and Giacinto searching all around.

They wandered through the spring forest,
sometimes on a trail but more often not,
circling around thickets and briars
or crossing over small streams.

At last they game to a little stone cottage
all covered with emerald moss,
around which a fence of bones
protected a beautiful garden.

"I'm quite certain that doesn't belong here,"
Giacinto said, hesitating at the gate
even though the hazel rod pointed right at it.

"That is the home of Befana," said Fiorenza,
"and it can appear wherever she wishes."
She opened the bone gate, went to the cottage,
and knocked on the dark wooden door.

Befana opened the door and gazed at them
with narrow eyes. "I wondered," she said,
"when someone would come looking
for what they had lost."

"Have you seen a little boy in the woods,
with curly black hair and a mole on his chin?"
Fiorenza asked Befana.

"I have indeed," the old fairy said.
She stepped aside to let them see
where Nari lay sleeping on her bed.
Befana's daughters kept watch over him
as they spun spidersilk into thread.

"I found him in the forest nearby,"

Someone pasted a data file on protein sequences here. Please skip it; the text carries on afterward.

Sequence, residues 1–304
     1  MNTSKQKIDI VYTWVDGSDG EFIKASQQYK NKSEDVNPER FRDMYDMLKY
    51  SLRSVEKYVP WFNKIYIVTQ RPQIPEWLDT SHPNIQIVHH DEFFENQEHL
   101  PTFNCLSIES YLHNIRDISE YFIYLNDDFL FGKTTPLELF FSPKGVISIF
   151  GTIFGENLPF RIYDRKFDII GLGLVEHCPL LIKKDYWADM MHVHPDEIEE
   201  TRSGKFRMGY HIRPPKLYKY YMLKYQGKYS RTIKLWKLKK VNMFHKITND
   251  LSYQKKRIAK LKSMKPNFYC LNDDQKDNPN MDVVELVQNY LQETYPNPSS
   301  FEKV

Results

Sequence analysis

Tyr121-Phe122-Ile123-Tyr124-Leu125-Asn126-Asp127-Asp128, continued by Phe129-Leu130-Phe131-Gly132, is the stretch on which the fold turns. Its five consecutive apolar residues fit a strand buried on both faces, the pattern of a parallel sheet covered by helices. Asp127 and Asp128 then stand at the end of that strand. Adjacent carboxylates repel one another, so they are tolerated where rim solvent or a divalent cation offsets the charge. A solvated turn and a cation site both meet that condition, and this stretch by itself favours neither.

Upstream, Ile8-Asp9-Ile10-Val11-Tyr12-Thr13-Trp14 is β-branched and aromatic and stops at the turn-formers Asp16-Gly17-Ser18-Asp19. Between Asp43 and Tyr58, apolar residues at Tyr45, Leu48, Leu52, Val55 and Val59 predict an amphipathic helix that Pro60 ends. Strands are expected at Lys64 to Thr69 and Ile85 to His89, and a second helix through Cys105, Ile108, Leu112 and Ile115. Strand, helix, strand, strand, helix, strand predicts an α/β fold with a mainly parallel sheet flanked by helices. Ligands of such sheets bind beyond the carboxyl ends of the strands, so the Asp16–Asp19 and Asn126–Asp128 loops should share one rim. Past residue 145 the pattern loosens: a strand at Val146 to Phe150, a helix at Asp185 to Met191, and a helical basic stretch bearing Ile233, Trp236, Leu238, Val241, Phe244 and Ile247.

Befana explained to her guests.
"He was looking for his father's house,
and had made a trail of wheat
to find his way home; but then
birds ate up the wheat and he got lost."

"We suspected something like that,"
Giacinto said. "Thank you
for looking after him for us."

"Take better care of him,"
Befana warned them,
"or the next time we steal this fine boy,
we will not give him back again."

"Understood," Fiorenza said.
"I will carry your warning to his mother."
Then Giacinto picked up the sleeping child
and they went back to Faggiola.

Xaviera was not much moved
by Befana's warning, preferring
to try harder to keep Nari at home.

Agostina intervened, saying,
"The boy misses his father
and will stop at nothing to see him.
From now on, you will take Nari
to the woodcutter's shack one day in seven,
or else you'll get no more spells from us."

In this way Befana's warning was honored,
Nari was reunited with his mother and father,
and Fiorenza went home with another story to tell.

* * *


The "trail of breadcrumbs" trope comes from the German fairy tale "Hansel and Gretel."  It can refer to any kind of ephemeral marker.

Magical herbs are used for many purposes, such as finding lost things.

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2 comments or Leave a comment
lsellersfic From: lsellersfic Date: January 21st, 2014 03:13 pm (UTC) (Link)
This captures the feel of fairytales very well. As well as evoking Hansel and Gretel, your description of Befana's house made me think of Baba Yaga in some folktales (though, obviously, without the chicken legs!)
ysabetwordsmith From: ysabetwordsmith Date: January 21st, 2014 06:08 pm (UTC) (Link)

Thank you!

I wanted Befana's house to have a magical feel, without duplicating any of the classic witch-houses exactly.

I have indeed written about Baba Yaga's house several times. If I ever have a chicken coop, I'd love to put it up on chicken legs.